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James Clerk Maxwell
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    (June 13, 1831-November 5, 1879)
    Born in Edinburgh, Scotland, United Kingdom
    Wrote 'A Treatise on Electricity and Magnetism' (1873)
    Developed a series of equations describing how electric and magnetic fields are generated and altered by each other
    Demonstrated that electricity and magnetism are manifestations of a single electromagnetic field
    Demonstrated that electric and magnetic fields propagate through space at the speed of light
    Mathematically determined that the rings of Saturn had to be composed of numerous small particles each independently orbiting the planet (1859)
    Also contributed to the kinetic theory of gases and the study of color perception
    When Marischal College and King's College merged to form the University of Aberdeen, he was laid off as redundant, since there was no need for two Professors of Natural Philosophy (1860).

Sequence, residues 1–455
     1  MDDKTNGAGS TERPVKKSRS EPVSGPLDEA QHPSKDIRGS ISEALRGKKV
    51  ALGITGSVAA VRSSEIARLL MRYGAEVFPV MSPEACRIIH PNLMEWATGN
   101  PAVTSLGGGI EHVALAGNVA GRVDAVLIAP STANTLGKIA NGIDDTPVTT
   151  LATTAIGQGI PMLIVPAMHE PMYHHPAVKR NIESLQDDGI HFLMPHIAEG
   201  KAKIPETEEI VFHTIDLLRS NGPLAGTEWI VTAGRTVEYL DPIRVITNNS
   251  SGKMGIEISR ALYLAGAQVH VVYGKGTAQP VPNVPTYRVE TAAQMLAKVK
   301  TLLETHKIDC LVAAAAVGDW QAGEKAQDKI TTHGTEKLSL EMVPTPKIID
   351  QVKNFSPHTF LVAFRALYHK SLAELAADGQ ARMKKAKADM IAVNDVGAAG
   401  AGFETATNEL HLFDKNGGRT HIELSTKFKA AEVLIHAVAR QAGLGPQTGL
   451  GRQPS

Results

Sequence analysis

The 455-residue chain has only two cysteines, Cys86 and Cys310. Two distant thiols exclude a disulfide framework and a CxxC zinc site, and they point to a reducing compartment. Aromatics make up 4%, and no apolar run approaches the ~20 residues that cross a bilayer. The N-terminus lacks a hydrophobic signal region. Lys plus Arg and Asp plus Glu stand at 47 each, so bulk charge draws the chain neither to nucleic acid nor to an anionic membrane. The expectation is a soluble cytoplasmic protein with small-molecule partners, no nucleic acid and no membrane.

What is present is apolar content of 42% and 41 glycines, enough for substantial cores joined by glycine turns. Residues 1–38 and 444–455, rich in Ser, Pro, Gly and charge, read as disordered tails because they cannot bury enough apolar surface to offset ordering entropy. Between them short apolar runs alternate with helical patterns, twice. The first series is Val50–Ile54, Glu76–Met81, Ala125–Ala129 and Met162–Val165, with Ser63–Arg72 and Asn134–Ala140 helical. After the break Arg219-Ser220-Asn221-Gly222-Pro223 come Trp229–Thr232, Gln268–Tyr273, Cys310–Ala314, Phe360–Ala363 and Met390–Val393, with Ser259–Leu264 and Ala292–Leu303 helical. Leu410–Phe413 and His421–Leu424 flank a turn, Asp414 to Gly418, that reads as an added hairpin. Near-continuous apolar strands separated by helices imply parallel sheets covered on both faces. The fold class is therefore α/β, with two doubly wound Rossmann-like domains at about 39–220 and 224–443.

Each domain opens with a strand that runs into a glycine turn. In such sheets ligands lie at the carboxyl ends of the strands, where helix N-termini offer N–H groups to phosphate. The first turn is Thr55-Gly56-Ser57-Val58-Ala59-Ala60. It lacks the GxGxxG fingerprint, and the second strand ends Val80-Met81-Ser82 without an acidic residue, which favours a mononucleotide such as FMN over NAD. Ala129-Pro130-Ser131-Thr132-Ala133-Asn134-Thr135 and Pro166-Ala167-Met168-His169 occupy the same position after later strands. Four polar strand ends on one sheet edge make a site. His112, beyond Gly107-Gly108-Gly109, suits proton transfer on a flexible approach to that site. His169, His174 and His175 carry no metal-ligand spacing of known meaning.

The Maxwell's Equations governing electromagnetism were actually put into their modern form by Oliver Heaviside, who found a way to simplify Maxwell's work down to four partial differential equations.
    He claimed that the self-similarity of molecules (i.e., one water molecule is identical to any other one) somehow disproved evolution.
    At age fourteen, he wrote a scientific paper that was presented to the Royal Society of Edinburgh.
    His work on the rings of Saturn was described by the Astronomer Royal as 'one of the most remarkable applications of mathematics to physics that I have ever seen.' (And it was proven by observation during the Voyager flyby.)
    His work on electromagnetism paved the way for radio, radar and television.
    Albert Einstein said that his work was 'the most profound and the most fruitful that physics has experienced since the time of Newton.'
    Carl Sagan said, 'Maxwell's equations have had a greater impact on human history than any ten presidents.'

Credit: C. Fishel

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